In re PRP Raymond Williams – DIVII

Court: Washington Court of Appeals: Division II
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Case Description: Raymond Williams is serving a life without parole sentence as a persistent offender under the Persistent Offender Accountability Act (POAA or “the Act”) also called the “three strikes law,” based in part on a crime he committed at age 16.  Mr. Williams challenges his POAA sentence entered in 2008 following his third “strike.”  Mr. Williams’ first strike, burglary in the first degree, occurred when he was 16 years old and waived a decline hearing, resulting in transfer to adult court. Mr. Williams argues that the 8th Amendment and Article I, section 14 of the Washington Constitution categorically bar use of a strike offense committed as a child to support a life without parole sentence under the POAA, an issue explicitly left open in State v. Moretti, ___ Wn.2d ___, 446 P.3d 609, 614 n. 5 (2019).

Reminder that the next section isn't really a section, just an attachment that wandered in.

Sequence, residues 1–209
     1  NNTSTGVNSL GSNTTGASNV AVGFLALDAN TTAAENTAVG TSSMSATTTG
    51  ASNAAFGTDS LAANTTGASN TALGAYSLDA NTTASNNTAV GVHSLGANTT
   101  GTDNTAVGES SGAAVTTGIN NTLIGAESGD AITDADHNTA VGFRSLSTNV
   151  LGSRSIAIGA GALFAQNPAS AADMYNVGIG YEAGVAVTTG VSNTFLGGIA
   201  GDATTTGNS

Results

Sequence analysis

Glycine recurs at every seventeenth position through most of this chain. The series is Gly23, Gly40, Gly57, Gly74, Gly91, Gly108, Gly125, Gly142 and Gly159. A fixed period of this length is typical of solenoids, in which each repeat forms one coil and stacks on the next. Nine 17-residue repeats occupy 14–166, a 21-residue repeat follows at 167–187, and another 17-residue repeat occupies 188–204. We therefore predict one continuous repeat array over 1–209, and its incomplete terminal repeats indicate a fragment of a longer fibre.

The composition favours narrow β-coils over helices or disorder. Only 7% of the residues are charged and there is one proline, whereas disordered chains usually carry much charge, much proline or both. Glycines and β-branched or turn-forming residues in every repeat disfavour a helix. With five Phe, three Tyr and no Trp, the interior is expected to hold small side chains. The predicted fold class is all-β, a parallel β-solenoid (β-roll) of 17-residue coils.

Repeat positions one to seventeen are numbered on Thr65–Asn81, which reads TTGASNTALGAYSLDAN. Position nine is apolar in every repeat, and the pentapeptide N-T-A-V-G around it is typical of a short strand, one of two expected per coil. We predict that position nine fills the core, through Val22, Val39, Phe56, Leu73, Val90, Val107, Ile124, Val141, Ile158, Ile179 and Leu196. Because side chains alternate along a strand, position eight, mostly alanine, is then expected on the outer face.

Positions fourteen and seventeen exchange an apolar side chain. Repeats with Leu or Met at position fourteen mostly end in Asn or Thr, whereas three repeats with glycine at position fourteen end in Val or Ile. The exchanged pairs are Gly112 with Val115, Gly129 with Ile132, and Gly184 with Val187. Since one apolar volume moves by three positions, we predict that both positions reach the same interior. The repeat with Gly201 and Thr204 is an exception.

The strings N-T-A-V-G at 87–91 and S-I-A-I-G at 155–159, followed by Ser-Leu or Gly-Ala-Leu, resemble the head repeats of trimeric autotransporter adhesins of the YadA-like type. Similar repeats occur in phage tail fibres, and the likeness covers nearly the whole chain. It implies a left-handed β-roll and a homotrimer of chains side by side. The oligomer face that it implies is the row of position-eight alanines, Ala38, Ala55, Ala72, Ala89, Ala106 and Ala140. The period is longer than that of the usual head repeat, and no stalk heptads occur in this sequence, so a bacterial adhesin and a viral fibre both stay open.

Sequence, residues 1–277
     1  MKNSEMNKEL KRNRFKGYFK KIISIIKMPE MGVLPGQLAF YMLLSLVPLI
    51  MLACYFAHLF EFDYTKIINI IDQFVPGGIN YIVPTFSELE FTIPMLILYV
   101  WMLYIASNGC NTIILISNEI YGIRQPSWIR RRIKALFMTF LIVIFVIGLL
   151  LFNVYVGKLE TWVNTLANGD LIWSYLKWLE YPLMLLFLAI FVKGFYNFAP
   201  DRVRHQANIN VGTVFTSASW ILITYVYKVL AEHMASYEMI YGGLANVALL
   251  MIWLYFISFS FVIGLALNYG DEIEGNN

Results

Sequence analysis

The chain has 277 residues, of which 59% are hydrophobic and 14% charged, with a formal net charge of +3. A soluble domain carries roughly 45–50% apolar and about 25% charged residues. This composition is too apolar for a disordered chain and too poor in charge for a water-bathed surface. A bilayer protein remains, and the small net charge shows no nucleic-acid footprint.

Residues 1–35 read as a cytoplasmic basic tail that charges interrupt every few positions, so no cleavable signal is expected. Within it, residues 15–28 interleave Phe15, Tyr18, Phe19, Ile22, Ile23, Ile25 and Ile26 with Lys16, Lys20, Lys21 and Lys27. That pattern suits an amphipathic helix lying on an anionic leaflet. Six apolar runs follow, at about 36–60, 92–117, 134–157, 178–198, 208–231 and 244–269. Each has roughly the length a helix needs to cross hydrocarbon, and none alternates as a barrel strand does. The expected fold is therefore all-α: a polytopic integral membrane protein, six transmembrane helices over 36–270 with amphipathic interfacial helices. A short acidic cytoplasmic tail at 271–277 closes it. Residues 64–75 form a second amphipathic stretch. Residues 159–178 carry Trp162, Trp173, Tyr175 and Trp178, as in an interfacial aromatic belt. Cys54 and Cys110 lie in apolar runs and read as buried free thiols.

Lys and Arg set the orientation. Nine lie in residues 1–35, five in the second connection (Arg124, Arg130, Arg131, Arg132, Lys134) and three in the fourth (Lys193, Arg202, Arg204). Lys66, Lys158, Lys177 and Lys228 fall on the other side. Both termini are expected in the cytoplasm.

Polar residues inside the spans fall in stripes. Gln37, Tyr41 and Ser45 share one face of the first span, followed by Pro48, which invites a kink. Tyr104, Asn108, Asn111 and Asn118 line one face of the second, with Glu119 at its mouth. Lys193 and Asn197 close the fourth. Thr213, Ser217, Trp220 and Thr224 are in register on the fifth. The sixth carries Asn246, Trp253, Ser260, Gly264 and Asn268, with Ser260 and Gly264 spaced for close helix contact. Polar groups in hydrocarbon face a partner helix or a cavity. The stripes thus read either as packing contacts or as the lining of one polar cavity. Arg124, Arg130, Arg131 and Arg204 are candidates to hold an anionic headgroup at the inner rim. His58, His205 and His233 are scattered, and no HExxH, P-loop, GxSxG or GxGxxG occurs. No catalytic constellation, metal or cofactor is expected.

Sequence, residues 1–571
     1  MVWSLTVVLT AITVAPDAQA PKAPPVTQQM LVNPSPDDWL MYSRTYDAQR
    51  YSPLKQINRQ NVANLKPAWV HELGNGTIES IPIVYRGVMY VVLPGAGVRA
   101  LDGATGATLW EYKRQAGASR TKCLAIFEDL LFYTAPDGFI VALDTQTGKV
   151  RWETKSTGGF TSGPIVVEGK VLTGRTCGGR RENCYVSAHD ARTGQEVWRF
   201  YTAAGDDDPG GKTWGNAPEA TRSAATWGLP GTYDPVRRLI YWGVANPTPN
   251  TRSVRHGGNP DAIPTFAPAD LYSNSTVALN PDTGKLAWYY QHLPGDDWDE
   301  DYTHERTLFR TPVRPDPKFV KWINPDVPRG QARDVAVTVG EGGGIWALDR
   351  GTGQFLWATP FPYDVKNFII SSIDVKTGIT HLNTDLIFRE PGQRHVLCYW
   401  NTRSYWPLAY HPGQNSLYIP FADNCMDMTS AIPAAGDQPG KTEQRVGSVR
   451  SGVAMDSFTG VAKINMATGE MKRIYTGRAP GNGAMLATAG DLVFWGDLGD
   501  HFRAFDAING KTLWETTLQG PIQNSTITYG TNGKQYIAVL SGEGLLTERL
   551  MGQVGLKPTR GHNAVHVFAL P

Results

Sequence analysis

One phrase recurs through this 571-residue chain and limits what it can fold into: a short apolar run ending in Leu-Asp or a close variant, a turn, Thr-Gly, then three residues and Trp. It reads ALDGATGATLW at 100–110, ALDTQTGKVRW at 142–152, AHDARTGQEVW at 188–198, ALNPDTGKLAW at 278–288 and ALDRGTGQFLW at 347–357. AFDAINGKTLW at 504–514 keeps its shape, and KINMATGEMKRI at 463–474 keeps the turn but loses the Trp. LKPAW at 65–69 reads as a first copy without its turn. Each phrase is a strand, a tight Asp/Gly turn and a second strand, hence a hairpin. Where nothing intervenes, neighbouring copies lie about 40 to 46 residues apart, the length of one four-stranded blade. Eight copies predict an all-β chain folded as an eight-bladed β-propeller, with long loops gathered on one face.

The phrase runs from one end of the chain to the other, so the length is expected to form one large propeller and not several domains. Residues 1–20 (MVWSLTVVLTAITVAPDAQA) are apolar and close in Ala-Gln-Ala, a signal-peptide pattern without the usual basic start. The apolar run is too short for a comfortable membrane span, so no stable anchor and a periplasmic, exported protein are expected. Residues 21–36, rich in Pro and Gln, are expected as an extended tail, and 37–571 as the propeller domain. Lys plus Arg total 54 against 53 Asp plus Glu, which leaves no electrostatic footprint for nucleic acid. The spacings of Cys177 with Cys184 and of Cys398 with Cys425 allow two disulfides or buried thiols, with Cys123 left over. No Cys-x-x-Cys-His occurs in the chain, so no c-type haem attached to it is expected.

Amicus Description: Amici argue that the Persistent Offender Accountability Act (“the Act”), by including in predicate offenses crimes committed by children, is at odds with what we know about juveniles and criminal culpability, and fails to address the original goals of the Act, passed in 1993 during a time when “get tough on crime” attitude permeated the national psyche.  The Act was intended to segregate those who commit repeat serious offenses, but failed to consider what we know now of the mitigating circumstances of youth or the potential for rehabilitation of youth who commit serious crimes. By requiring a life sentence for crimes committed by a child and declined to adult court, the Act violates the US and Washington Constitutions.